FLOODS

Seventy dead, 200 000 stranded in Bangladesh. AlertNet (June 27, 2012)

Days of rain in Bangladesh, some of the heaviest in years, have set off flash floods and landslides, killing at least 70 people and stranding about 200,000, police and officials said on Wednesday.

and

Agriculture officials said it was too early to estimate crop damage. “In flash floods, water recedes soon after the rain stops, So we don’t anticipate any major damage to rice and other crops,” one official said.

    • Pat’s thoughts: This is a devastating flood, and it looks as though other areas have been hit in the region (e.g. India). I appreciate Reuter’s non-inflammatory tone when it comes to whether food crops will be affected. As this is the beginning of the region’s monsoon, I hope this event is recovered from quickly, and serves as an opportunity to identify weaknesses the emergency response system.

Undesired Resilience: Common pitfalls in resilience thinking

By Patrick Keys

Let me start by saying that I think the concept of “resilience” is a very useful one, but that it has also sort of spun out of control.

Brief rant on “resilience” and its definition

As one of the many buzzwords that is getting a lot of air time (e.g. resilience to climate change, resilience to flooding, resilience to drought), resilience has started to conjure the same warm and fuzzy response as “sustainability”, “organic”, and “free beer”. All the while, I think  the meaning of resilience has become diluted. The definition that a water resource scientist may give is likely to be different from a rural health worker, which is likely to be different from a development economist.

Flooded stairs in Hue City, Vietnam (Copyright: Patrick Keys, 2012)

Resilience refers to the ability to remain in a stable state regardless of perturbations. Thus first and foremost, resilience must be used relative to something else, as in “resilience of X to Y”. For example, a farm (X) can be resilient to drought (Y).

However, what is often missing from discussions about resilience is that it is not always a good thing. For example, a farm (X) can be resilient to water management efforts (Y). This means that the farm is in a resilient and undesirable state. These twin concepts of resilience and desirability both need to be present when talking about whether or not a given project/development/whatever is on track to being a good thing or a bad thing.

To sum up: when someone talks about Resilience, remember to consider:

a) Resilience …of what (X)… to what (Y)

b) Is this resilience desirable?

Here is a figure from a recent book chapter entitled “Watershed management through a resilience lens”, by Barron and Keys (2011). Note that the “stability” axis can be considered a proxy for resilience.

 

The arrows in the figure indicate where a system moved after a “watershed managment” intervention was taken. The take home is that a system can occupy both a stable (resilient) or unstable (unresilient) state, while also being either undesirable or desirable. Are we on the same page? Great.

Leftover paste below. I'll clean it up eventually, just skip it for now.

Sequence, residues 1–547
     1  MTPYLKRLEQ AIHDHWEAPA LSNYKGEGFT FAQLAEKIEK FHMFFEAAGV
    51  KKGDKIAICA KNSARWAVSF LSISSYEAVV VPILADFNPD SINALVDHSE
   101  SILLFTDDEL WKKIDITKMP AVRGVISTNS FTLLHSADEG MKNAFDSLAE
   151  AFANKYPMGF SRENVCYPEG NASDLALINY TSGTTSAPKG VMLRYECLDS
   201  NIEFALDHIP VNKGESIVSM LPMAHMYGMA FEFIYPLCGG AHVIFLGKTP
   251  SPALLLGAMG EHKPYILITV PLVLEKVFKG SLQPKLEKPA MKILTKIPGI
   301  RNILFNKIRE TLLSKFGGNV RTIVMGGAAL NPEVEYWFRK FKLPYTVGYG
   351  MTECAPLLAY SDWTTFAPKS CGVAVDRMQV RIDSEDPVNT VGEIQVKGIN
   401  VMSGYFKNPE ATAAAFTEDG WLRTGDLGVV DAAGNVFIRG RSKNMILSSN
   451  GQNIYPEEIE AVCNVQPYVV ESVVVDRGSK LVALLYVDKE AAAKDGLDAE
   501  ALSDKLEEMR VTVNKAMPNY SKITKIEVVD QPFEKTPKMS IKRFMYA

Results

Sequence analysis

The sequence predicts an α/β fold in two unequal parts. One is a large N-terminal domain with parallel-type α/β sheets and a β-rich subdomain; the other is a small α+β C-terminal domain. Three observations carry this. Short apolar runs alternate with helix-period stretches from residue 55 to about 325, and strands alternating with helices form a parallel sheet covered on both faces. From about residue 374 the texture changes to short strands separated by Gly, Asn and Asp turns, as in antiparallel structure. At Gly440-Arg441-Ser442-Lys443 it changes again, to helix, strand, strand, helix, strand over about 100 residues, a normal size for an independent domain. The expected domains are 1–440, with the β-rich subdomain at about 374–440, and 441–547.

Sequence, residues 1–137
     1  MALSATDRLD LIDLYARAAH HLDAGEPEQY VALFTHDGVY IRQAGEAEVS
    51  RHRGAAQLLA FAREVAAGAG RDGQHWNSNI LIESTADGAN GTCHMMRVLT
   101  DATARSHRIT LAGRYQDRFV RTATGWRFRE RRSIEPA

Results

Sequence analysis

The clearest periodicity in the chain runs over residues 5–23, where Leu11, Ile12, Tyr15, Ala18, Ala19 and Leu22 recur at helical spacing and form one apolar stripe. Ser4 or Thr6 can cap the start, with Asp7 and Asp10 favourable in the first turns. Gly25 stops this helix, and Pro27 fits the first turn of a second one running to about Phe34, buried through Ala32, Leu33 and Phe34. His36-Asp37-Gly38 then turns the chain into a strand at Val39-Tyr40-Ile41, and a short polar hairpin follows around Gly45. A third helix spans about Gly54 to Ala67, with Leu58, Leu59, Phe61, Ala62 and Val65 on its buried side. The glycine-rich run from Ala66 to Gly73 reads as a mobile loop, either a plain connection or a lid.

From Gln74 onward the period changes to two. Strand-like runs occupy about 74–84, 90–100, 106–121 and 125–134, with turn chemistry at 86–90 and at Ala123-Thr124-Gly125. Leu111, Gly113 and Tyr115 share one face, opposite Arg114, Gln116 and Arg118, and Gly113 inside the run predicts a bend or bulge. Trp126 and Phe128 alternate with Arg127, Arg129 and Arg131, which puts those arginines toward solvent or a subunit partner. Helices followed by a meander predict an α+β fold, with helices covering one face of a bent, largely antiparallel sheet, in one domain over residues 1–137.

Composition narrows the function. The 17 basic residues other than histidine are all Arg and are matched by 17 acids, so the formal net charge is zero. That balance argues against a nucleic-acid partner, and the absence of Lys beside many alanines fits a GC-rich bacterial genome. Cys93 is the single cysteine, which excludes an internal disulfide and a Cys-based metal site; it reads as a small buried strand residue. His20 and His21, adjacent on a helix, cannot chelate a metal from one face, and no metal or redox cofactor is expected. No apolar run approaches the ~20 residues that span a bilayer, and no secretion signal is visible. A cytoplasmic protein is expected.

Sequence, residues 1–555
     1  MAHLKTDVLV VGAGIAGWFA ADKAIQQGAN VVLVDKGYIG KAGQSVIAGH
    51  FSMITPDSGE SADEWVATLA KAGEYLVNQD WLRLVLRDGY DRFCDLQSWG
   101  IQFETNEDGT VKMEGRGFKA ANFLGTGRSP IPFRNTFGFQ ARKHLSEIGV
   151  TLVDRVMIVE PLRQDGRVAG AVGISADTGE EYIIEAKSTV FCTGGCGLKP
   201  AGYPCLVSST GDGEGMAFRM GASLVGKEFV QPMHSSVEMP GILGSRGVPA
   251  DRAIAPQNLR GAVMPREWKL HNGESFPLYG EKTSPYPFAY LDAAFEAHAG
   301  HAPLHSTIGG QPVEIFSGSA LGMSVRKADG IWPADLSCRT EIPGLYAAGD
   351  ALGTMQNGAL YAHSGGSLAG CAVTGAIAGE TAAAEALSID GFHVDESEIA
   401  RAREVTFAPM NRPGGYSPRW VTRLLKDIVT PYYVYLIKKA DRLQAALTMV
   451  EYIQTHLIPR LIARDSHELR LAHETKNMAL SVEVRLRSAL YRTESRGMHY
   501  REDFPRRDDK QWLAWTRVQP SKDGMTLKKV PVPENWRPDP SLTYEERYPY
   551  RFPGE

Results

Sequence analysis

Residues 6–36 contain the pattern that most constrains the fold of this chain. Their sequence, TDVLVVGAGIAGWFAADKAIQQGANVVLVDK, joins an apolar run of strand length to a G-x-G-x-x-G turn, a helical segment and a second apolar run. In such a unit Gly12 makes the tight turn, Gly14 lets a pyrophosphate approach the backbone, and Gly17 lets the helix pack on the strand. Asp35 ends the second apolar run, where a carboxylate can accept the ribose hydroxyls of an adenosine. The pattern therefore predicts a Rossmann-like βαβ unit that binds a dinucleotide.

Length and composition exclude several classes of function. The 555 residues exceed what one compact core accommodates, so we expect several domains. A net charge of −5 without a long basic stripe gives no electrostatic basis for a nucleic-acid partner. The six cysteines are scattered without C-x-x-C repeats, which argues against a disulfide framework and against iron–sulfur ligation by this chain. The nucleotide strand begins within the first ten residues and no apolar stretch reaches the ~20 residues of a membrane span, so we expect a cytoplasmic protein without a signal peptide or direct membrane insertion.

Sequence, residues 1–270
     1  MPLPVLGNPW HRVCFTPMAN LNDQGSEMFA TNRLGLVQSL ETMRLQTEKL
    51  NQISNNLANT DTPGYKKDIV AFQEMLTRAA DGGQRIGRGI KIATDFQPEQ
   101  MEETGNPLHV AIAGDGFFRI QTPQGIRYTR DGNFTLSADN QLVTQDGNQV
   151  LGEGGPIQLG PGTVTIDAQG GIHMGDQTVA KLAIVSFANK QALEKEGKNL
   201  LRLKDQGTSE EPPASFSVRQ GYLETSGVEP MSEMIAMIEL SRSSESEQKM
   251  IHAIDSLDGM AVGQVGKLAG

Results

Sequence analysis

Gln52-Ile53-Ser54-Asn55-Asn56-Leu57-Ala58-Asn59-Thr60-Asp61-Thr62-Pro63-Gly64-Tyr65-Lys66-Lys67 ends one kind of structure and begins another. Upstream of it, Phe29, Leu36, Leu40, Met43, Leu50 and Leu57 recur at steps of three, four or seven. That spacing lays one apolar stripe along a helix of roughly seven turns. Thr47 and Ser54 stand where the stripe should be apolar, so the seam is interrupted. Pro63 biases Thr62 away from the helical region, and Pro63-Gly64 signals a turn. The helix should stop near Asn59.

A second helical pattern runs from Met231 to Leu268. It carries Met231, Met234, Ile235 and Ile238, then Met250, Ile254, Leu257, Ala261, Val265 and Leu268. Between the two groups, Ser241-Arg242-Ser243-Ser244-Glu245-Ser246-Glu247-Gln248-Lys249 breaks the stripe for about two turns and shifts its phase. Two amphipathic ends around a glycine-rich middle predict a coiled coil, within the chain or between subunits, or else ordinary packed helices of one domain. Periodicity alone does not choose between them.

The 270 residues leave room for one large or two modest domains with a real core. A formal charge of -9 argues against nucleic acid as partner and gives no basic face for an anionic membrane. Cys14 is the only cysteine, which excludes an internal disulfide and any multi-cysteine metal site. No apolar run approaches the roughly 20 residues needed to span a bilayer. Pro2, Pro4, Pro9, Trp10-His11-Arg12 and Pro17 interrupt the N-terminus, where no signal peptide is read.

Talking about resilience and poor people – the big pitfall

If you thought I was going to mention the awesome 80’s Atari game, not that Pitfall! But, similar to the digital traps in the game, there are mental traps regarding resilience that are easy to fall into – particularly when thinking of communities in the developing world. Here are some important pitfalls:

The two phrases that make my skin crawl are:

“Poor people are the least resilient to climate change”

“Poor people are the most resilient to climate change”

Fisherman in Hue City, Vietnam (Copyright: Patrick Keys, 2012)

The problem here is that both are right and both are wrong. For example, imagine two families living along a river. The ‘poor’ family lives below the river bank, right along the river. The ‘rich’ family lives on the river bank, above the river. When the river floods, the poor family can move quickly and adapt to the changing conditions as the flood levels rise (because they don’t have anything!). The rich family is stuck in their concrete house as it gets flooded. When the flood recedes, the poor family goes back to the river, and the rich family mops up their house.

Both families return to their way of life pre-flood. Is the poor family more resilient than the rich family? Is the rich family more resilient than the poor family? [Discuss]

I’m not going to answer that question. My point is that the pitfall is thinking of this in purely “resilience” terms. The question isn’t weather the poor people are resilient or not, its whether they want to be or not. The desirability of the state is every bit as important as the resilience.

Moving forward – “Desirable Resilience”

I don’t really like that phrase, but right now its what I can think to write. The idea that resilience researchers (and everyone else that is working in this field – if only not in name) need to get into their heads is that without attaching the desires of the system they are looking at – which often happens to be poor people – then resilience is neither a good thing or a bad thing, its just a thing.

Does anyone have thoughts on a better way to phrase the idea of desirable resilience? Am I totally reinventing the wheel here?